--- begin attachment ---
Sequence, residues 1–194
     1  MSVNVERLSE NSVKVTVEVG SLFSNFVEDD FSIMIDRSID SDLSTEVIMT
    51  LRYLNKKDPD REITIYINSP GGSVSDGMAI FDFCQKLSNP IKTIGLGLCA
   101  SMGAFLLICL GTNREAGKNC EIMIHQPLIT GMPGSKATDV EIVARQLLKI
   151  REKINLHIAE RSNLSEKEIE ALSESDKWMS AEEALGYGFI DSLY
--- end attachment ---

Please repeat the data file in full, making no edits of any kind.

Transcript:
Sequence, residues 1–194
     1  MSVNVERLSE NSVKVTVEVG SLFSNFVEDD FSIMIDRSID SDLSTEVIMT
    51  LRYLNKKDPD REITIYINSP GGSVSDGMAI FDFCQKLSNP IKTIGLGLCA
   101  SMGAFLLICL GTNREAGKNC EIMIHQPLIT GMPGSKATDV EIVARQLLKI
   151  REKINLHIAE RSNLSEKEIE ALSESDKWMS AEEALGYGFI DSLY